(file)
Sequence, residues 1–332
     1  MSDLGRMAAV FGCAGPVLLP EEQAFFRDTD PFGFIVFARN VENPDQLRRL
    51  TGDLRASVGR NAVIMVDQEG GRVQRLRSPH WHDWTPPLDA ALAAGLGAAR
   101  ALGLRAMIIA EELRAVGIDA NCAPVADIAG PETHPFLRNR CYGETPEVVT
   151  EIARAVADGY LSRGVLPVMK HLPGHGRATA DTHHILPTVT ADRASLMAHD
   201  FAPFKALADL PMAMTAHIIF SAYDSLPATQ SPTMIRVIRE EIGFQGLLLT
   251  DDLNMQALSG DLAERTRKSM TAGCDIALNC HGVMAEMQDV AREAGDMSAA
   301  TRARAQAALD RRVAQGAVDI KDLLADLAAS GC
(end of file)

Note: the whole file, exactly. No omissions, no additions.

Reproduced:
Sequence, residues 1–332
     1  MSDLGRMAAV FGCAGPVLLP EEQAFFRDTD PFGFIVFARN VENPDQLRRL
    51  TGDLRASVGR NAVIMVDQEG GRVQRLRSPH WHDWTPPLDA ALAAGLGAAR
   101  ALGLRAMIIA EELRAVGIDA NCAPVADIAG PETHPFLRNR CYGETPEVVT
   151  EIARAVADGY LSRGVLPVMK HLPGHGRATA DTHHILPTVT ADRASLMAHD
   201  FAPFKALADL PMAMTAHIIF SAYDSLPATQ SPTMIRVIRE EIGFQGLLLT
   251  DDLNMQALSG DLAERTRKSM TAGCDIALNC HGVMAEMQDV AREAGDMSAA
   301  TRARAQAALD RRVAQGAVDI KDLLADLAAS GC